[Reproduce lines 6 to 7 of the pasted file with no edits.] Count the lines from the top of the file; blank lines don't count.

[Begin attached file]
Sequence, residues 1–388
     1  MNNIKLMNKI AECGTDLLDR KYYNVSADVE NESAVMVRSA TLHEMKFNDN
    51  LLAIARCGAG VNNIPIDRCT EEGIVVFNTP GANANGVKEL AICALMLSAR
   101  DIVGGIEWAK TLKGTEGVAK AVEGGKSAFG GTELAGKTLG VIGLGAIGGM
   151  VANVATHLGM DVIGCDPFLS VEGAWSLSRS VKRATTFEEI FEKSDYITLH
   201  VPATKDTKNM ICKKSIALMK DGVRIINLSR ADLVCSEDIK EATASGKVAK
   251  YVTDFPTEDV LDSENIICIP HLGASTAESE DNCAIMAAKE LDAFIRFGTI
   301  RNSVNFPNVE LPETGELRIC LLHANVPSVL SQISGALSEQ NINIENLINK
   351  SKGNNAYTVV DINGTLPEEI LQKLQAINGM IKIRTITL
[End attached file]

   201  VPATKDTKNM ICKKSIALMK DGVRIINLSR ADLVCSEDIK EATASGKVAK
   251  YVTDFPTEDV LDSENIICIP HLGASTAESE DNCAIMAAKE LDAFIRFGTI